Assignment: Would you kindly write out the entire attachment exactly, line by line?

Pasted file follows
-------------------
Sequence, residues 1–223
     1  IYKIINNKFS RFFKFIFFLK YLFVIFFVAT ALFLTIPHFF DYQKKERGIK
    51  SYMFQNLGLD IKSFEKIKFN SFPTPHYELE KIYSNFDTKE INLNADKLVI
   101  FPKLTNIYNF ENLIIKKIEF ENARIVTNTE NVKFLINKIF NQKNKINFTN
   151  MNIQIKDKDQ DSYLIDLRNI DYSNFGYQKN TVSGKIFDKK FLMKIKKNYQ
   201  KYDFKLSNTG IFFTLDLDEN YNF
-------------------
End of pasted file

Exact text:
Sequence, residues 1–223
     1  IYKIINNKFS RFFKFIFFLK YLFVIFFVAT ALFLTIPHFF DYQKKERGIK
    51  SYMFQNLGLD IKSFEKIKFN SFPTPHYELE KIYSNFDTKE INLNADKLVI
   101  FPKLTNIYNF ENLIIKKIEF ENARIVTNTE NVKFLINKIF NQKNKINFTN
   151  MNIQIKDKDQ DSYLIDLRNI DYSNFGYQKN TVSGKIFDKK FLMKIKKNYQ
   201  KYDFKLSNTG IFFTLDLDEN YNF